17. 17.

    This is logical as in the case of Spain trust decreased significantly during the second year of the sovereign debt crisis, while its sovereign bond yields remained relatively stable.

  18. 18.

    Whereas our econometric analysis actually still finds a weak (90% level) relationship, Wälti’s (2012) findings point towards an insignificant relationship.

  19. 19.

    This is in contrast to the German case where an actual reduction of the unemployment rate is associated with a significant decline in trust in the ECB. A plausible hypothesis for the German case might be that the broadening of the ECB’s mandate to assure financial stability throughout the crisis has led to a decline in trust in the ECB.

  20. 20.

    As the decline of trust in the ECB might be interpreted as part of a general crisis of trust in European institutions, it becomes debatable whether other trust variables, such as citizens’ trust in the EC and the EP, should be included in the model specification. We excluded these variables for two reasons. First, as trust in the EC and the EP is equally determined by inflation, growth and unemployment (Roth et al., 2013), it is econometrically incorrect to include these trust variables in the regression, because doing so would lead not only to double counting but also to endogeneity. Second, the Durbin–Watson statistic (being around 2) did not give us reason to worry about omitted variables.

  21. 21.

    It should be mentioned, however, that in 1–2/2009 net trust temporarily reached a value of −1%. In this instance, however, net trust recovered to a value of +14 only five months later in 6–7/ 2009.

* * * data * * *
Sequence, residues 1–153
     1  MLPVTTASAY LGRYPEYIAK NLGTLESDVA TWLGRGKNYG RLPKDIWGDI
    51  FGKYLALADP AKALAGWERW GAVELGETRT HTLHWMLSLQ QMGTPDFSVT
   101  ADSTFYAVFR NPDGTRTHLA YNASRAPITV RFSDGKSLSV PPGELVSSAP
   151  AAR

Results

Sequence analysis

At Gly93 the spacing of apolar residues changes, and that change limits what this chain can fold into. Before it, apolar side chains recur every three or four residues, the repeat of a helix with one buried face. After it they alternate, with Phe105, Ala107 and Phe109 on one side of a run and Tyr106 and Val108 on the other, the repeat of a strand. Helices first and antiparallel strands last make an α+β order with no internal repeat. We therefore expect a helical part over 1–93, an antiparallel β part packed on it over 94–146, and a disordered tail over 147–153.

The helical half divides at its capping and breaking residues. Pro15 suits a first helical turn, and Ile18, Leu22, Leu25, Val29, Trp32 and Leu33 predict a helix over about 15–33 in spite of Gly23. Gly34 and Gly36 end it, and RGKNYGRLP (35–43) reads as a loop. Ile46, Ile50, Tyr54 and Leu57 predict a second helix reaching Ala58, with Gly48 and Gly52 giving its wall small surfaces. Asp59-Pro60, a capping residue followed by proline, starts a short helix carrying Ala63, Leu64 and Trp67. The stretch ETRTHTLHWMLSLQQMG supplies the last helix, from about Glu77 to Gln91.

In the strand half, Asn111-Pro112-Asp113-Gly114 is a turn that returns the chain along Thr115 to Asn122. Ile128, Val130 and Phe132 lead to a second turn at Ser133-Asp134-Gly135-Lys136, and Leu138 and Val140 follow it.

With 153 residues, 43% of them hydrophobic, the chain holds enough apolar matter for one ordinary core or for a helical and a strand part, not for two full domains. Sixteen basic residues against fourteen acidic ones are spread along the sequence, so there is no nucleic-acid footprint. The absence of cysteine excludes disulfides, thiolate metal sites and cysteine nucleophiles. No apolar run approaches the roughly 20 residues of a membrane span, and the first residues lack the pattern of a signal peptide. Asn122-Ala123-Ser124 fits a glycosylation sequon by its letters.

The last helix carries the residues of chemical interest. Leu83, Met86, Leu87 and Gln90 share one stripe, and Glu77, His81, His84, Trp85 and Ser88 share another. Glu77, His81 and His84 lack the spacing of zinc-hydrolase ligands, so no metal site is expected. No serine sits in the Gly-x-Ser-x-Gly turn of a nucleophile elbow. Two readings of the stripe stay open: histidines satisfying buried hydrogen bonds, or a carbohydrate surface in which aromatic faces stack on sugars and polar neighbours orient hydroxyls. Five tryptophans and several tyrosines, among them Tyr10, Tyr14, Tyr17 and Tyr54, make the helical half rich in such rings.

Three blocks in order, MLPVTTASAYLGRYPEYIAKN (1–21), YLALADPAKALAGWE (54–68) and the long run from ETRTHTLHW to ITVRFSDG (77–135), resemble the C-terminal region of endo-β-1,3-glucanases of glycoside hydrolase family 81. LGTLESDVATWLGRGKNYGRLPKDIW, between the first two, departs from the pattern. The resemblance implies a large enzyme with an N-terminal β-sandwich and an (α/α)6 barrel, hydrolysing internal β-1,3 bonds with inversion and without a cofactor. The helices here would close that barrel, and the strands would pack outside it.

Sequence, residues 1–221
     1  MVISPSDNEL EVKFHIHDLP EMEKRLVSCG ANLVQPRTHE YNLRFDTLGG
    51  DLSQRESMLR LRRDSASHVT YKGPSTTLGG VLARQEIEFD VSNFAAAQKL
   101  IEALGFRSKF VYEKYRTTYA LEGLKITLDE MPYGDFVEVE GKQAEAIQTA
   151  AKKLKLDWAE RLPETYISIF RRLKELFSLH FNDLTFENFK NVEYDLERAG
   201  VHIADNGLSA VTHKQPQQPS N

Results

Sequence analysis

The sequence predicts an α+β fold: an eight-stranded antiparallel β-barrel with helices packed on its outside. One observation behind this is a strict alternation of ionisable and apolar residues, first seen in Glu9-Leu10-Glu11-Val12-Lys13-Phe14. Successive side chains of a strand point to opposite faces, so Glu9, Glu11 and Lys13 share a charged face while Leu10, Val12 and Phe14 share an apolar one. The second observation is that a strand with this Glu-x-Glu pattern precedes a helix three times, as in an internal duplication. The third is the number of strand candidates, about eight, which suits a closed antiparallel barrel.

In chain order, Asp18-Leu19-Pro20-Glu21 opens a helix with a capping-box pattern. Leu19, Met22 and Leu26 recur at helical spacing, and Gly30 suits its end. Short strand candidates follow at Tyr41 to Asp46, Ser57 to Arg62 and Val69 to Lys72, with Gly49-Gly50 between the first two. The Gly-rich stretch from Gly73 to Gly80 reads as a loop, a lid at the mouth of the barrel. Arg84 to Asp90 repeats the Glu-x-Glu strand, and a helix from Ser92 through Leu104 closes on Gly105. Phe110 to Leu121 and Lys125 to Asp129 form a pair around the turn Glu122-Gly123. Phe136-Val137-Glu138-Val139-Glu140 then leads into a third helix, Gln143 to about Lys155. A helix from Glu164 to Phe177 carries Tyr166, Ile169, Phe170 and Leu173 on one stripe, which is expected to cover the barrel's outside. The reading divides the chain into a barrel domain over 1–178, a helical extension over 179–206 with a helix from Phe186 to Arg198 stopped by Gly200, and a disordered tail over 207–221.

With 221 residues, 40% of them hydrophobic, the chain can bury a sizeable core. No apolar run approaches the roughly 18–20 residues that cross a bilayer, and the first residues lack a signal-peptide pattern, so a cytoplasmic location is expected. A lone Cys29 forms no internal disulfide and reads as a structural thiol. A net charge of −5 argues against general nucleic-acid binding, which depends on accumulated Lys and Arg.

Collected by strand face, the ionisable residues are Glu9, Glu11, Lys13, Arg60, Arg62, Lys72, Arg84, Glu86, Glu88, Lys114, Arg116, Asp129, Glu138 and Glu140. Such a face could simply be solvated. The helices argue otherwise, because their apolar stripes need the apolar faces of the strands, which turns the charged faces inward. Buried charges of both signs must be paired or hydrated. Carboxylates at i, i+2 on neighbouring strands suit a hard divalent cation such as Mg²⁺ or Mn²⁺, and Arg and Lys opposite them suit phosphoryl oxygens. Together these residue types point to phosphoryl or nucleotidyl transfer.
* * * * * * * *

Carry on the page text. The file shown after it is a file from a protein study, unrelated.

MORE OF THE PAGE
22. 22.

    In contrast to the support for the euro, the support for the European Union actually declined more strongly (Braun & Tausendpfund, 2014).

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Appendix

Appendix

Fig. 6.A1
figure 2

Net trust in the ECB in EA12 countries, 1999–2012

Notes: For Greece, the time trend is displayed from 2001 onwards. As the figure depicts net values, all values below 0 indicate that a majority of respondents’ mistrust. The dotted line represents the incidence of the bankruptcy of Lehman Brothers in September 2008.

Sources: Standard EBs 51–78 and Special EB 71.1.

Fig. 6.A2
figure 3

Scatterplot between delta unemployment and delta trust in the ECB, 2012–2008

Notes: Delta Unemployment and Delta trust comprise the changes in the unemployment rate and in Trust from 3–5/2008 to 11/2012.

Sources: Standard EB 69 and 78 and Eurostat data.

Table 6.A1 Summary statistics EA12

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Roth, F., Gros, D., Nowak-Lehmann D., F. (2022). Crisis and Citizens’ Trust in the European Central Bank: Panel Data Evidence for the Euro Area, 1999–2012. In: Public Support for the Euro. Contributions to Economics. Springer, Cham. https://doi.org/10.1007/978-3-030-86024-0_6